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3 Steps to Mastering the Art of Excellence for Financial Planners

Obtaining excellence with any endeavor is rarely an overnight occurrence. It typically takes years of tenacity to master a craft. Many planners let outside influences and short-term setbacks detract them from acquiring excellence in many facets of their business. On the journey to becoming your best, you must simply sometimes take things one step at a time.

The key to mastering the art of excellence is to focus on each of those steps, whether that is defined as learning how to cold call, close a sale or ask for referrals. It is important to concentrate on your ability to be more effective on each particular “step” before moving on to another.

Eventually, those steps string together and form a way forward and you realize that you have traveled farther than you ever thought possible. Aristotle said it best when he said, “Excellence is an art won by training and habituation.”

In other words, we create excellence by continuously learning and honing the activities we do until they become a habit; thus, excellence is merely a by-product of doing such.

Here are some suggested things to consider as you strive for excellence in whatever areas you seek:

Step 1: Commit to a New Level of Greatness

If you want to excel at anything you must commit to a new level of greatness. It doesn’t matter whether you are a financial planner, insurance agent or professional athlete, every successful person knows that the first step is to decide without a shadow of a doubt that they are fully committed to putting in a best effort.

Rob T., a 20-year veteran financial planner was stalemated as his business had reached a production plateau. When I began coaching him he was absolutely committed to learning how to unclog his pipeline. All he needed was to unearth the clogs, implement the right processes and put those into place to take action.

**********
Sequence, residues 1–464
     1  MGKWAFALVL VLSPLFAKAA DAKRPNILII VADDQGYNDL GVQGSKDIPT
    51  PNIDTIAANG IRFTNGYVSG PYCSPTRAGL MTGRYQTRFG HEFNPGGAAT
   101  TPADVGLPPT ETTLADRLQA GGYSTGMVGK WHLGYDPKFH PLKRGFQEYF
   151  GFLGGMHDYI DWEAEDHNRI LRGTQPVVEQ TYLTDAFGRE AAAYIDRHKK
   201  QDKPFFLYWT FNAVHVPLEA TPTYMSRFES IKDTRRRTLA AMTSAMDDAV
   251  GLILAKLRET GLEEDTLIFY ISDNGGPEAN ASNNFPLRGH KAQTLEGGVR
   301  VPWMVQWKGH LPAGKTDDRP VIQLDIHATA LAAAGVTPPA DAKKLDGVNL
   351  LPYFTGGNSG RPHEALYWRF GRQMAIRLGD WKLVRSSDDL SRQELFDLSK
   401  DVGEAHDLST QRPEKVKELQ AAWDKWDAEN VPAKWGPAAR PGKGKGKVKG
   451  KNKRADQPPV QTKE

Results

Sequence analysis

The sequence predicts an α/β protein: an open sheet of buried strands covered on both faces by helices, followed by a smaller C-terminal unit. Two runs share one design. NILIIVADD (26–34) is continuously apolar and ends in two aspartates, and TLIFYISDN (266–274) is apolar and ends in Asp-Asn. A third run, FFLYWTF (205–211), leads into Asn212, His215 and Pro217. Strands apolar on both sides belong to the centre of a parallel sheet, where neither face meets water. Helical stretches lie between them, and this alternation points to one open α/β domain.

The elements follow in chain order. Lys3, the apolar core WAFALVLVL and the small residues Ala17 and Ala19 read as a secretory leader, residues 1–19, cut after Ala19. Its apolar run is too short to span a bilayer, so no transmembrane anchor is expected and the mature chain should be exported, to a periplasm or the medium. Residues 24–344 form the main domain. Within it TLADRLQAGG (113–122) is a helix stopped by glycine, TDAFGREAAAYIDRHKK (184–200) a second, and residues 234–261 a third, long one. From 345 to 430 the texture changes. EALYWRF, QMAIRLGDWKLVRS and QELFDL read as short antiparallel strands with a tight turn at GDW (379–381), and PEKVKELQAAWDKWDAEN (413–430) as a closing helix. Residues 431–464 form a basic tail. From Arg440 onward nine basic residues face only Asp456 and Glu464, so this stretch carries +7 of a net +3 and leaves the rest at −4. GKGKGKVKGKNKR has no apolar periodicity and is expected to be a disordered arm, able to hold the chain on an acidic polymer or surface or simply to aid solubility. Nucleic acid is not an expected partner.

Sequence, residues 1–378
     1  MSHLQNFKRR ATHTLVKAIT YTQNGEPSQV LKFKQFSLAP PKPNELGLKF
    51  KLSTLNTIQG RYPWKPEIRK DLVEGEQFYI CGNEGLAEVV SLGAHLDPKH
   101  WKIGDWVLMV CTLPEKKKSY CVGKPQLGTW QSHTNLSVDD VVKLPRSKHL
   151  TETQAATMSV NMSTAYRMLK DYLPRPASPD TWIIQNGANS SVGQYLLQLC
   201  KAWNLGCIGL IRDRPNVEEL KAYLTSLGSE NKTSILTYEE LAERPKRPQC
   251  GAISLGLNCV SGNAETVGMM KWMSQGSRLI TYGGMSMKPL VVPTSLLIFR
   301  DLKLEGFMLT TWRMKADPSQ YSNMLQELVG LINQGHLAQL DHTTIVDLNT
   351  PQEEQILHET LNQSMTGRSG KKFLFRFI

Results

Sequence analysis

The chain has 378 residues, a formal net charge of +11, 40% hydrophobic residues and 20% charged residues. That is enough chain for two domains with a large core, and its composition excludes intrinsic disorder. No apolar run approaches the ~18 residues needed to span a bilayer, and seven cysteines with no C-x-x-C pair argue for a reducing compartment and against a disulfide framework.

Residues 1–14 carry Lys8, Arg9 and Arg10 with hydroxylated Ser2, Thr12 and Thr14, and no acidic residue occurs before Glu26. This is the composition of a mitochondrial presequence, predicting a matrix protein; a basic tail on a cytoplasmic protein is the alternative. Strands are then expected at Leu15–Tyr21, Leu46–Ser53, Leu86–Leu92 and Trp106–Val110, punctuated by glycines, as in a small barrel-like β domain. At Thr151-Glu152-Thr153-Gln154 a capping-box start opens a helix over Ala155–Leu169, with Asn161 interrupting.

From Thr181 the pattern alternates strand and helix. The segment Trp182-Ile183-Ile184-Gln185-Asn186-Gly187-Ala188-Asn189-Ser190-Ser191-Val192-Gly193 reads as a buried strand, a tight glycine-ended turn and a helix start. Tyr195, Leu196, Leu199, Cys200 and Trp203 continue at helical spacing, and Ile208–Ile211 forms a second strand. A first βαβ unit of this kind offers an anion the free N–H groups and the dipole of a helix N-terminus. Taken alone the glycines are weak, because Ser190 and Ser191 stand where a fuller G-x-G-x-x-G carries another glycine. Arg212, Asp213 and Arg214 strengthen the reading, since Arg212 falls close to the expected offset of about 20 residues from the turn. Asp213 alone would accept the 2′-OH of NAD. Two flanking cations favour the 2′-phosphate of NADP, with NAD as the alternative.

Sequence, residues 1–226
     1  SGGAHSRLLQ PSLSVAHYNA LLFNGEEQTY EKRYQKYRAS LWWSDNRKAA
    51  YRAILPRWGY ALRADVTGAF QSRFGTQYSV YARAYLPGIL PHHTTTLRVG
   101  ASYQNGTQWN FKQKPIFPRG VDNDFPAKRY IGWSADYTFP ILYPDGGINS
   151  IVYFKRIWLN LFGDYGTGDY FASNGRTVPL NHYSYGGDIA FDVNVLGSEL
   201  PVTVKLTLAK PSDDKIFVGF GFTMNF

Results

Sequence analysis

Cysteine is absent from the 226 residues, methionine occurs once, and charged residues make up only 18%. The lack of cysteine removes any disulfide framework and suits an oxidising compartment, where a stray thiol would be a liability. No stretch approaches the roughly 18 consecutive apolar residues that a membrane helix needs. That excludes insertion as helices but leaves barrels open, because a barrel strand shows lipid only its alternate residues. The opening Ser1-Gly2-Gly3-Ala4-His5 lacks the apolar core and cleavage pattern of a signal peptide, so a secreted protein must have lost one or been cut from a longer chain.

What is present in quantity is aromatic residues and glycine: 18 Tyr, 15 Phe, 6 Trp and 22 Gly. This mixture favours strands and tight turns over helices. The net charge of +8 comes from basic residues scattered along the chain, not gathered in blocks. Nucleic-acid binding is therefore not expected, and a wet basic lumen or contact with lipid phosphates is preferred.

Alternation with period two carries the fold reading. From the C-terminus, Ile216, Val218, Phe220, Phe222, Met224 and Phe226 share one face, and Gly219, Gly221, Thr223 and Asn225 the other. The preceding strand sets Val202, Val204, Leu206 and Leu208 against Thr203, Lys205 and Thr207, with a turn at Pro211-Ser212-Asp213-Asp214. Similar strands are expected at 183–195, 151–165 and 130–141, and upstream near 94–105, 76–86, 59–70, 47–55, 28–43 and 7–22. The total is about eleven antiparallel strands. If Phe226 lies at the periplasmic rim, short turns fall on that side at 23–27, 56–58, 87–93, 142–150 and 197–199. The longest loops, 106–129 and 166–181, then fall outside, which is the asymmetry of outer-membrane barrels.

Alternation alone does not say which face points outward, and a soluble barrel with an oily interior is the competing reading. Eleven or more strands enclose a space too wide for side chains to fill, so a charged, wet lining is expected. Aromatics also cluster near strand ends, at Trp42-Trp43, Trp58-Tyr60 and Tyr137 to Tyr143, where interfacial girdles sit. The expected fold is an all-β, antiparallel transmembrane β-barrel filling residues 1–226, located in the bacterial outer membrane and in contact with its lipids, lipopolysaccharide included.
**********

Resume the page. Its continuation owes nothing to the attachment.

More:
Step 2: Model the Masters

Success doesn’t happen overnight, but it will happen a lot more quickly when you model those who have mastered whatever it is that you would like to succeed at.

In Rob’s case, I had coached many financial planners on a methodology to find specific clogs at every stage of the pipeline, so we quickly found what challenges he actually had. Next, we discussed solutions that have worked for other successful planners/agents. Then he began to apply the activities that were necessary on a daily basis to put those solutions into place. Over time, these activities turned into habits and voilà, his pipeline moved along well and converted for him in many cases.

Step 3: Map out the Milestones

The final step in to track your progress is what I refer to as mapping out the milestones. This helps you see accomplishments (or obstacles) that were made during each leg of the journey. The following is brief description of milestones that Rob experienced.

Initially, I had explained to Rob that my pipeline process had four stages: initial contact, first appointment, second appointment (or closing appointment) and getting referrals.

Rob knew that he had a clog in each stage, but some were bigger than others. So, we began working on stage No. 1, the initial contact, because he was not filling up the pipeline, which was vital. Soon, he was setting more first appointments than he had ever done previously.